John and Gerry's    Orchids of Britain and Europe
Home Back to Ophrys species Links

Ophrys tarquinia
 

O. tarquinia was first described by Delforge from Livorno, Tuscany in 2000 and is a member of the twelve strong O. exaltatagroup whose name refers to the Tarquins, the Etruscan Kings of Rome between   759 and 503 BC ( the first of these being Romulus ).
  
This Ophrys is an Italian endemic with a range which is virtually limited toTuscany. O. tarquinia is at its most frequent away from the coast in the Firenze region but can still be relatively common as far south as  Grosetto and it's in this area in particular that its range overlaps with several other closely related species that can cause real problems with identification. There are three species here which may be found in flower concurrently with O.tarquinia namely O. argentaria, O. classica and the ubiquitous O. sphegodes sphegodes. These species all have individual distinguishing features but years of gene ingression has made identification in the field a painstaking business  where for the  amateur, the "balance of probabilities" is often the only and last resort.  

Perhaps the the most striking and obvious feature that differentiates O. tarquinia is its large size in comparison to these other similar Ophrys. Less reliably the following characteristics can be indicative ;-  1; Speculum pattern is often complex and elaborate.  2; Basal swellings are normally small or absent. 3; The petals are long and strongly undulate. 4; The basal rosette is bluish grey and the stem sturdy.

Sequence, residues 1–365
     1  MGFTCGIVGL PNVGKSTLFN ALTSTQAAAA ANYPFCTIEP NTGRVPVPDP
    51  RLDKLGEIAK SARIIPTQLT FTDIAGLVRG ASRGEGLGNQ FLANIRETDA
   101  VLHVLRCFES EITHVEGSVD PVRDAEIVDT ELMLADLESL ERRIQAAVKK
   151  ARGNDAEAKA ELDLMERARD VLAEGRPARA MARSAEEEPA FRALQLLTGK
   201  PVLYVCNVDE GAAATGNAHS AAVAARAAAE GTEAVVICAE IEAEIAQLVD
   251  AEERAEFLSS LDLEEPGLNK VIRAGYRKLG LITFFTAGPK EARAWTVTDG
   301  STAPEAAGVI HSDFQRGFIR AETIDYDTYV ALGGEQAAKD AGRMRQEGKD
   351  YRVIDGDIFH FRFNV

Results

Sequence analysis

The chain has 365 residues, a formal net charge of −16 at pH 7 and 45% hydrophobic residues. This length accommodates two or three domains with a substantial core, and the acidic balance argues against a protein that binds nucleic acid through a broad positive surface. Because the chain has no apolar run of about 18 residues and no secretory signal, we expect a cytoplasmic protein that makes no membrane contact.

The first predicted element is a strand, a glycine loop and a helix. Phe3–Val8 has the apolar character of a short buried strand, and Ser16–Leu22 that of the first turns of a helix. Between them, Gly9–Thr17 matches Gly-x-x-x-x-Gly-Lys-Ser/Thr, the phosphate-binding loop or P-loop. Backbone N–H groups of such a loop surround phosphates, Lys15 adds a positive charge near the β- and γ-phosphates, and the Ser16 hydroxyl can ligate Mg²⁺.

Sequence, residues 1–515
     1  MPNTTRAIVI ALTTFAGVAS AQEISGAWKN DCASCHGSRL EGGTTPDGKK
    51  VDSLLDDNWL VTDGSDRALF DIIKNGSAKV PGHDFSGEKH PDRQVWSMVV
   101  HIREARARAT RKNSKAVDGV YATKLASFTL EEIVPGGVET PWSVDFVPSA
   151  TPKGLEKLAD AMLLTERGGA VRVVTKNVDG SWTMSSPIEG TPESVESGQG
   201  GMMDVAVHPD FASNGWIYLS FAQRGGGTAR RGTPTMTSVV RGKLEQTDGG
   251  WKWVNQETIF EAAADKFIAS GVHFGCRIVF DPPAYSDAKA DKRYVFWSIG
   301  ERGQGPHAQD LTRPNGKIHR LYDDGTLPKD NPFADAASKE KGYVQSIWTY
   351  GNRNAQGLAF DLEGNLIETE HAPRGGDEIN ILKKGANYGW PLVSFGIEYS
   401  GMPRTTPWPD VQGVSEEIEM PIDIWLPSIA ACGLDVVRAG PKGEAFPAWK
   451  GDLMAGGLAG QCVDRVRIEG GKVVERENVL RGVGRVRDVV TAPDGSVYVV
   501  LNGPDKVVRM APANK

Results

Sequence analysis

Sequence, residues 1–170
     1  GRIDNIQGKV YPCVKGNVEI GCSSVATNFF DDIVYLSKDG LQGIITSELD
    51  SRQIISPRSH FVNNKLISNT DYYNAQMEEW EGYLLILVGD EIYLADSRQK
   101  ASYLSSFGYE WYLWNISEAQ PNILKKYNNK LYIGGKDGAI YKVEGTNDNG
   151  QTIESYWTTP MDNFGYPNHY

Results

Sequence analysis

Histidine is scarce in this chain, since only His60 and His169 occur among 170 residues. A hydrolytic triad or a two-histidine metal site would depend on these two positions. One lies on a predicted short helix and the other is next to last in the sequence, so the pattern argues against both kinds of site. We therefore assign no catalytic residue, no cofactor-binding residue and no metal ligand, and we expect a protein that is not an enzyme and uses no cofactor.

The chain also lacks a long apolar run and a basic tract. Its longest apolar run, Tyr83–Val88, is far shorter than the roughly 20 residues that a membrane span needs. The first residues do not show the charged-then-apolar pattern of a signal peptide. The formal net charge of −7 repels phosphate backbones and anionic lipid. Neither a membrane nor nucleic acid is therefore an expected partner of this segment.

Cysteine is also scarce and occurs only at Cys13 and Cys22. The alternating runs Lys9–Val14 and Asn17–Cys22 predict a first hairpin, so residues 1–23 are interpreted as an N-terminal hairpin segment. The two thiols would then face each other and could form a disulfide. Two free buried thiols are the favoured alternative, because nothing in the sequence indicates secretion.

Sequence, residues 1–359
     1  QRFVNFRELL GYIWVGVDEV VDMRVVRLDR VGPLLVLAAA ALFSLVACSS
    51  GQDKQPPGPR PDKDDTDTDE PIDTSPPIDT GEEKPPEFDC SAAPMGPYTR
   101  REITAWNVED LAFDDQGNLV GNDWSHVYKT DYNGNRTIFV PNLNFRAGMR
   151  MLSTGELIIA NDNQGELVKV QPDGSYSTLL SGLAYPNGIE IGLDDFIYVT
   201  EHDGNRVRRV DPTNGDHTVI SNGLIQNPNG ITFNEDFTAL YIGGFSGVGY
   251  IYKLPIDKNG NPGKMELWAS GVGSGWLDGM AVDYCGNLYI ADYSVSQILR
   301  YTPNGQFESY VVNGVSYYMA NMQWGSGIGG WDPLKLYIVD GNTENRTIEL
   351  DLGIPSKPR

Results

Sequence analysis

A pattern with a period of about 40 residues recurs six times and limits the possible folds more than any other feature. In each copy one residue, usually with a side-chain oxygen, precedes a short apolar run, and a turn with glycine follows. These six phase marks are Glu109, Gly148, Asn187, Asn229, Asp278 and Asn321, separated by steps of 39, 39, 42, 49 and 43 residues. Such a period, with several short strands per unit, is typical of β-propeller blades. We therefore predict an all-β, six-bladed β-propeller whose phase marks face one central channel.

The pictures all come from sites in southern Tuscany between Siena and Grosetto.    


The following six photographs are some abnormal examples of O. tarquinia. The first three pictures are from Monte Argentaria (where this species is not at all common) and in this instance is a semi-hypochromatic specimen. Amongst the features that indicate the identity of this plant is the blue-grey basal rosette, the thick stem, overall robust appearance, large flowers and lack of basal swellings.

The final three pictures are from the Siena region of Tuscany and something of a mystery. They were growing amongst a mixed colony of O. tarquinia and O. sphegodes.